'Evo-devo' biology tackles evolutionary history's unanswered questions
The recent marriage of evolutionary biology with developmental biology has resulted in the birth of a new field, evolutionary developmental biology, or "evo-devo." Evo-devo scientists study the mechanisms that produce evolutionary changes in body plans over time. As one of the field's creators, Indiana University Bloomington biologist Rudolf Raff brings new understanding to the evolution of humans and other organisms by uniting fossil data and information about the genes that control development.
Major historical questions about the origin of multicellular animals, the Cambrian radiation and the origins of animal larvae can now be addressed using evo-devo's mechanistic tools. Last month, the National Academy of Sciences chose Raff as the winner of its 2003 Elliott Medal for his role in founding evo-devo. Raff and IUB colleagues Loren Rieseberg, Thomas Kaufman, Michael Lynch and Jeffrey Palmer lead the largest concentration of evo-devo biologists in the nation.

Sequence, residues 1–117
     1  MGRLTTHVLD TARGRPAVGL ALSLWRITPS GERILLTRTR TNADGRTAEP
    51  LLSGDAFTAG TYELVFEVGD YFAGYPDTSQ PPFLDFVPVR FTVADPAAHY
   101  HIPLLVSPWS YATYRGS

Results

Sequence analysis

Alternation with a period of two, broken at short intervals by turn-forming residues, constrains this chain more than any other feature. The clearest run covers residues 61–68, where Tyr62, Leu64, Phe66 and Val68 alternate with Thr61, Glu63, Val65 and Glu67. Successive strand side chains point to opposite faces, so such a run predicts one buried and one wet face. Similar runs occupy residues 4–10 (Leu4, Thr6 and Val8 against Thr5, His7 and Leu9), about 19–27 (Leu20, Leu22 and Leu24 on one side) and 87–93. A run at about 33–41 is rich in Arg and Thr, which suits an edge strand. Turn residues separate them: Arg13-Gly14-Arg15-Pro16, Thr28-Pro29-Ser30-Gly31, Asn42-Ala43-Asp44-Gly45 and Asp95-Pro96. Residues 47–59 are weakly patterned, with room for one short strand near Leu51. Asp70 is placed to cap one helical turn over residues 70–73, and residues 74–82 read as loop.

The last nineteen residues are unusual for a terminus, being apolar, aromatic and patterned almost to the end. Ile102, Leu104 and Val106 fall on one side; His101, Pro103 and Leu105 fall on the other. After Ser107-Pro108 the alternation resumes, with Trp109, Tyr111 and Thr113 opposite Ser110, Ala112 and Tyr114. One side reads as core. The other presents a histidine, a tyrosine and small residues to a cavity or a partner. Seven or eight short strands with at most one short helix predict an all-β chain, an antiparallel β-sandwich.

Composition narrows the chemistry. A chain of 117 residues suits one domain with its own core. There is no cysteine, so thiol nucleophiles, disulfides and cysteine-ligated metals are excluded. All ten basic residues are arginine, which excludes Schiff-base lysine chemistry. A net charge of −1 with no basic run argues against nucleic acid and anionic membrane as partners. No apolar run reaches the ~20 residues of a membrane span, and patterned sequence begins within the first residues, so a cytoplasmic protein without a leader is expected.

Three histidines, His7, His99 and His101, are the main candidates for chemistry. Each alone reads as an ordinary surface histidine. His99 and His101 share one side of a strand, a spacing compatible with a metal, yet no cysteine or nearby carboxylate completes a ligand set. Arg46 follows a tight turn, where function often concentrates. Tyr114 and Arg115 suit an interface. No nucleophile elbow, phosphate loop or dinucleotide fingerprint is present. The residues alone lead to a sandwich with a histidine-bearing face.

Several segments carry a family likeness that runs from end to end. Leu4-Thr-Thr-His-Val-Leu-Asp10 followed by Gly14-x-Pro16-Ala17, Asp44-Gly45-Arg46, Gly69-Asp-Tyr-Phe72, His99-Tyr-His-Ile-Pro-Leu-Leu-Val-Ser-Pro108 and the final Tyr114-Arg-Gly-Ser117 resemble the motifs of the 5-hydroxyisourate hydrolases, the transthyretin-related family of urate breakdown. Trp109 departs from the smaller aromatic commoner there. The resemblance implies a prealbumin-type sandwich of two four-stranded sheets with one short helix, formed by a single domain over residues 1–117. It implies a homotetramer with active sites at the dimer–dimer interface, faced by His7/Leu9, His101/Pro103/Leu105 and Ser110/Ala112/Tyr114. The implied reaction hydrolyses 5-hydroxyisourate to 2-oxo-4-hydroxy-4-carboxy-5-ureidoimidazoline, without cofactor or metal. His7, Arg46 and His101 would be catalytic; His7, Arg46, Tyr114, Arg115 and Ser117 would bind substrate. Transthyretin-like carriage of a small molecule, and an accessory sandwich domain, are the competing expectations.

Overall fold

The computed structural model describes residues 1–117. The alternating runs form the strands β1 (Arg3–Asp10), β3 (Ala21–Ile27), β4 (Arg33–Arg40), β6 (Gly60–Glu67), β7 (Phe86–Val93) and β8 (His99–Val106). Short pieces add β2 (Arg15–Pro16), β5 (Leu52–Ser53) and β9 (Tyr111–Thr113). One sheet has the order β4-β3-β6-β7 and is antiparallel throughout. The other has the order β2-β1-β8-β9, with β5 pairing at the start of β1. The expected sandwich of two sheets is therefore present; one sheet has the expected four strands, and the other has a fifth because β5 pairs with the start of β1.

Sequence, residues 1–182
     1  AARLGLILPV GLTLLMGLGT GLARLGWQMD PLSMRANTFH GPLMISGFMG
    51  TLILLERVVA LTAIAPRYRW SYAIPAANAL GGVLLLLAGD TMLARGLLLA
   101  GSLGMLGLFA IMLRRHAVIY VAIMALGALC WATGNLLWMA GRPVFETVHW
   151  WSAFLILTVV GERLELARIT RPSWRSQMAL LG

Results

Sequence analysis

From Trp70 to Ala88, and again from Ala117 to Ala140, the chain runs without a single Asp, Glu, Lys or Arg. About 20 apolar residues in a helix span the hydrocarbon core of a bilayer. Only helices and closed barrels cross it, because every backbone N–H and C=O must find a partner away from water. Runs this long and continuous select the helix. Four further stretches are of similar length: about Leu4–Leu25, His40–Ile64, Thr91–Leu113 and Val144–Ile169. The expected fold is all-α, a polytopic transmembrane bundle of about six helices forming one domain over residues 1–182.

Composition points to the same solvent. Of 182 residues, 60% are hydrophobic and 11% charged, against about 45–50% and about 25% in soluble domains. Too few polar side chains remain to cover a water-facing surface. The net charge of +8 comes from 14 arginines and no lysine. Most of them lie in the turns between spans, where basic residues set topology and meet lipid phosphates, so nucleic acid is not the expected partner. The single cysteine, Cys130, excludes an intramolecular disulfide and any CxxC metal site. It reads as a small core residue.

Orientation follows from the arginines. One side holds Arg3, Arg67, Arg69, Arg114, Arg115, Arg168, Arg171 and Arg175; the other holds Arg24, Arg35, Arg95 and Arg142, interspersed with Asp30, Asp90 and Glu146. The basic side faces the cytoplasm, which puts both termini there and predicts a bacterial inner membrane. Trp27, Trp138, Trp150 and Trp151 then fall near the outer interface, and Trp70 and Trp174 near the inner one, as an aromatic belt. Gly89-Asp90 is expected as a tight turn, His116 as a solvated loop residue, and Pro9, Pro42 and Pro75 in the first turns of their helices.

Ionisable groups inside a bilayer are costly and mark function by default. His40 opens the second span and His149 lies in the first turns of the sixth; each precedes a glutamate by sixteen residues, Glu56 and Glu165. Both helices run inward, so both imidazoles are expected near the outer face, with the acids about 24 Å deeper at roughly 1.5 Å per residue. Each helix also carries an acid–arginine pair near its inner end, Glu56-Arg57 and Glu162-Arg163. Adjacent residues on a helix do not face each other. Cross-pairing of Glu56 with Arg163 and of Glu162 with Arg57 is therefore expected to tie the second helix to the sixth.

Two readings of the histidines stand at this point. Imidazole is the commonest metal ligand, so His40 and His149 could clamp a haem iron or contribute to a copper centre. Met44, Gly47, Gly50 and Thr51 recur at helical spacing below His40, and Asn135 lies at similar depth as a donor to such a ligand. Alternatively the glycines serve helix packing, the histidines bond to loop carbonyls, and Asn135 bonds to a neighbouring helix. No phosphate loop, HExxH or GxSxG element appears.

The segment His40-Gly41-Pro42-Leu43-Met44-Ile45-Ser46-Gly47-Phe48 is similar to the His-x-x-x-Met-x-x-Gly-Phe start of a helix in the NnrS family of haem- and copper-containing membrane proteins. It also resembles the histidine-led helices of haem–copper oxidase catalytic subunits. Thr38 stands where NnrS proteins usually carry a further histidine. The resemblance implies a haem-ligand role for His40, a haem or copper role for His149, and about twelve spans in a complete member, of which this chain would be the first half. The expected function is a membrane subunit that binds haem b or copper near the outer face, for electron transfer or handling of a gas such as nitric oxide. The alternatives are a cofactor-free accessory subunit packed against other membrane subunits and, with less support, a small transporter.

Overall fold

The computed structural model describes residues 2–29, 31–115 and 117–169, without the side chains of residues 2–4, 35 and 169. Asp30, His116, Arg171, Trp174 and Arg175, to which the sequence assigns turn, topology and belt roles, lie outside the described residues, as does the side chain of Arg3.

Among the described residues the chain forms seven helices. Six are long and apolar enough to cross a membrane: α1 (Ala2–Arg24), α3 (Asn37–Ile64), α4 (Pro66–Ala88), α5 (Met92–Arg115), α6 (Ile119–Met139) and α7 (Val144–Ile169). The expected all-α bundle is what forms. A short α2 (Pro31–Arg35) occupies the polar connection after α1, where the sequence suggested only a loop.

In a presentation at the meeting of the American Association for the Advancement of Science titled "The Quick and the Dead: Developmental Genetics Meets Extinct Organisms," Raff will discuss how evo-devo will expand our understanding of the fossil record. He will show how and why some complex features in animal development may have evolved much more quickly than expected.
Indiana University. February 2004.
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